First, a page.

It comes at a price, with the model here coming in around $A5500, and before seeing it, I was very dubious about how much it is worth. I still feel that for a 10″ cabinet saw that it is rather expensive, even given the Saw Stop, but the build quality is obvious, and exceptional so some of that extra price is well justified.


This model is shown with the 52″ extension, which gives a massive rip capacity. There is some discussion about the possibility of a sliding table and/or scribing blade, but as yet they are not available. It has a very nice fence, with UHMD plastic on either side.


The whole unit looks and feels very well engineered, although I only have my initial observations to base that on. The start/stop switch seen here is typical of the whole unit – designed and placed to a plan, and not feeling like an add-on. I’m not sure where the switch for the saw stop mechanism was, although there was a keyed lock on the side of the starter box which might have been it.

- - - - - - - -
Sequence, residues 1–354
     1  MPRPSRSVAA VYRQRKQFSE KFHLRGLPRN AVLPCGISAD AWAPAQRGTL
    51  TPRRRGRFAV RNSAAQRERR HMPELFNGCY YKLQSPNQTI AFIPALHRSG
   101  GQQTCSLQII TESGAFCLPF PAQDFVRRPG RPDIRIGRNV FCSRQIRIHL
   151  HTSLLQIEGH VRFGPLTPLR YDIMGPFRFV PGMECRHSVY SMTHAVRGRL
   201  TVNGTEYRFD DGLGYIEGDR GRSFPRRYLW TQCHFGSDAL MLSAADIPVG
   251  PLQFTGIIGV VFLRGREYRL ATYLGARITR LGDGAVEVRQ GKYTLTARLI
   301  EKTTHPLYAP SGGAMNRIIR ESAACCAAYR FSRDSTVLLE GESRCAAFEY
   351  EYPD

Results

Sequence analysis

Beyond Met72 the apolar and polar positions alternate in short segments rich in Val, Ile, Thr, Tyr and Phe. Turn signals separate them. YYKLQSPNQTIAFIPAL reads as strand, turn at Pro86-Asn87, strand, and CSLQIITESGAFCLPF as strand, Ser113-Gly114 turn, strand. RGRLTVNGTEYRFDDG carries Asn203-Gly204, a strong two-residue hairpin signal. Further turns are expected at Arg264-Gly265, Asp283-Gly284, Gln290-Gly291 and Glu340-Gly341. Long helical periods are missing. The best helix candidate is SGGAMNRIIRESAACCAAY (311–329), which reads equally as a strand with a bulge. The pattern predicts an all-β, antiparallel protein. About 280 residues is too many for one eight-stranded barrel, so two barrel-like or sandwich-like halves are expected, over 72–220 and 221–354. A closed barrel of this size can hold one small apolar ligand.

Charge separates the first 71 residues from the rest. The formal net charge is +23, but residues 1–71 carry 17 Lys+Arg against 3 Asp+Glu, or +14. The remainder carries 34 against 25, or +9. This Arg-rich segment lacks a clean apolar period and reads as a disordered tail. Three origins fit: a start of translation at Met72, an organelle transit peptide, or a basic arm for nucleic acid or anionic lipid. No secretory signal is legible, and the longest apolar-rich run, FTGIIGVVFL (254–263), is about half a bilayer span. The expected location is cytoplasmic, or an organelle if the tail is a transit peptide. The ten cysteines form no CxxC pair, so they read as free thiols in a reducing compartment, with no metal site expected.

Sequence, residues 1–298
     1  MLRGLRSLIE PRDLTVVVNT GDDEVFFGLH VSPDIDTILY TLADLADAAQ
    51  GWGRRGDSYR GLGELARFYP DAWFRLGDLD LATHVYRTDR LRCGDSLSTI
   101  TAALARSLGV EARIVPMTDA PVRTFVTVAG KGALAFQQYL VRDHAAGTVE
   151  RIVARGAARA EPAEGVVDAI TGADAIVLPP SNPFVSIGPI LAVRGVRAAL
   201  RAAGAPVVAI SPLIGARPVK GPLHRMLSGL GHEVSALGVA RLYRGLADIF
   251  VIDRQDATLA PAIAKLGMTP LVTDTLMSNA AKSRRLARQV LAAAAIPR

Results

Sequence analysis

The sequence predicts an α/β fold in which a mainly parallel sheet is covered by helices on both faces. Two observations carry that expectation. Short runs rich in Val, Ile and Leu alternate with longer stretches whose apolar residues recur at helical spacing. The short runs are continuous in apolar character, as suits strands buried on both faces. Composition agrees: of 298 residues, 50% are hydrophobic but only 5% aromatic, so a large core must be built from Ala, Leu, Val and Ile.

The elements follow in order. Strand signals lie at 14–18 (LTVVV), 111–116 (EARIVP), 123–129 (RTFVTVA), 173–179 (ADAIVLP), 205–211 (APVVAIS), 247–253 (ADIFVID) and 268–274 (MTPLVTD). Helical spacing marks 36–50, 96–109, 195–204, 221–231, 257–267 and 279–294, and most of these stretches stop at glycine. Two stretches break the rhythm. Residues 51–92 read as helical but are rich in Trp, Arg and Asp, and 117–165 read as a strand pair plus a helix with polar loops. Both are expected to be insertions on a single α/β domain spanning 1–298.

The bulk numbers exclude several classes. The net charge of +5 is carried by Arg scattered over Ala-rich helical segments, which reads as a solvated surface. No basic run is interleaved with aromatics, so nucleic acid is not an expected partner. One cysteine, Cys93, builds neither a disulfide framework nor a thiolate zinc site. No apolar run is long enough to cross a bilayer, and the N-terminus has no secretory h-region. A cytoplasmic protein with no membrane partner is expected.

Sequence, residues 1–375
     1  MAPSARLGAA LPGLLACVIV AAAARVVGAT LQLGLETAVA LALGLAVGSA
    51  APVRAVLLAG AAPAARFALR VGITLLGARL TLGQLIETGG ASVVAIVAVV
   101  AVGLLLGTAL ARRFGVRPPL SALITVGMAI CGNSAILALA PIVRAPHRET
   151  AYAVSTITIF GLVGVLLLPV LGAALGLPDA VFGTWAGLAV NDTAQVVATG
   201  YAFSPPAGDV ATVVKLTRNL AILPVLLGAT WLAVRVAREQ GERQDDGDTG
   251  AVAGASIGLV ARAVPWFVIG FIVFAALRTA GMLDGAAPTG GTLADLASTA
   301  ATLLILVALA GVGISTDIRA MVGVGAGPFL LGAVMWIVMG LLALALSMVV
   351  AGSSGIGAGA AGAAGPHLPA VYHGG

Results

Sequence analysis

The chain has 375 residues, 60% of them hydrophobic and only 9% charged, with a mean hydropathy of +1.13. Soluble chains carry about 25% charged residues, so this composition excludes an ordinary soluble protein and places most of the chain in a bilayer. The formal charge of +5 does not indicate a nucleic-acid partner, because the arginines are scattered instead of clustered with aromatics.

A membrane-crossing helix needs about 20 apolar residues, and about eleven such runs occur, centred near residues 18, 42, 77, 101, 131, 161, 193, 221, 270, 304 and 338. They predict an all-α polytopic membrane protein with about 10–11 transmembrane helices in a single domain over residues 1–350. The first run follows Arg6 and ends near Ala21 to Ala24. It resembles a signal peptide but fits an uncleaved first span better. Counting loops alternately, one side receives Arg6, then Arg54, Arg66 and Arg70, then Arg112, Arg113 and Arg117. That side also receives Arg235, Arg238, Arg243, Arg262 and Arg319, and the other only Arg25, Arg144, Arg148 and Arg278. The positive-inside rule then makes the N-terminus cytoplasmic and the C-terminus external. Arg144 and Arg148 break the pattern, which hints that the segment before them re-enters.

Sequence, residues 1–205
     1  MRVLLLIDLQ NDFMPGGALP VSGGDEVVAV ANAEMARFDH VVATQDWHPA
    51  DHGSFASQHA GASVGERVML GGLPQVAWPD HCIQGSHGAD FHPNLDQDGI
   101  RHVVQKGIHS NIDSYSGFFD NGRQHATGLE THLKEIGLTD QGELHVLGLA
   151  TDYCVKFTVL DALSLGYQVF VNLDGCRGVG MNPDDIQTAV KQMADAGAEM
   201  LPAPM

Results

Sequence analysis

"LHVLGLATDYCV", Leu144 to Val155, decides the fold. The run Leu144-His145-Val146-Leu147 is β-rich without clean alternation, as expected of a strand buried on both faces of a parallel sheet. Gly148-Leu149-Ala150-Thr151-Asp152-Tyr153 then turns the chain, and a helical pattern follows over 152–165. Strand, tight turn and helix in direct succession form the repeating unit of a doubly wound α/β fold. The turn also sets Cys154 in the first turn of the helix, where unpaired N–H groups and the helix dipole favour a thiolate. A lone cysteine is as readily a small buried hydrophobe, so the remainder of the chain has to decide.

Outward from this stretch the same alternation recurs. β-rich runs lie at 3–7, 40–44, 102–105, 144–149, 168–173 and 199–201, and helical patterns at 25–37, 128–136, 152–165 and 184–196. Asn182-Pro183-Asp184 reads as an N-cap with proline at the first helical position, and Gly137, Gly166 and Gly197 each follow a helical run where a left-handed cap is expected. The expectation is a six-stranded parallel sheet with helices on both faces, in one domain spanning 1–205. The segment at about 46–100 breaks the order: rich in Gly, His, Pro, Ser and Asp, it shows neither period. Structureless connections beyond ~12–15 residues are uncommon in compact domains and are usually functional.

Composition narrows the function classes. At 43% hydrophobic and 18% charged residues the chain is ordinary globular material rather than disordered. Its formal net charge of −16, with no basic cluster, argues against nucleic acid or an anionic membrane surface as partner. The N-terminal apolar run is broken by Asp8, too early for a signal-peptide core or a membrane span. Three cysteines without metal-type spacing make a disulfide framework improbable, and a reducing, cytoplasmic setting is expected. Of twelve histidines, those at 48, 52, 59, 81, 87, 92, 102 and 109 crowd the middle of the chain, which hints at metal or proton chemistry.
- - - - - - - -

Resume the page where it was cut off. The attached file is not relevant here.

Had a bit of a play with the height and tilt mechanisms, and the gearing felt very nice and smooth, without play, or getting stuck at the extremes of travel as I’ve noticed on some other brands. The riving knife for the blade tracks up and down with the rise and fall, and carries the blade guarding with it which I like. I didn’t get to see how easy removal of the riving knife is, but I’d expect (and hope) that it’d be a couple of bolts under the blade surround insert. ***Update*** It’s even easier! Have a look at the photo below (and the closeup below that) – there is a lever partially covering the SawStop mechanism – that is the riving knife release. Very cool! ***


Now the unique aspect of this saw is its ability to detect (via current leakage) if the saw is not cutting what it should be (namely if you’ve had a lapse of concentration and decided to ..uh.. cut yourself instead of the wood). This saw had been tested the day before, and the blade is still in place where it was bought to a near instantaneous stop. The mechanism not only stops the blade in fractions of a second, but drags the entire blade below the table surface. Here you can see where the aluminium brake has engaged the blade.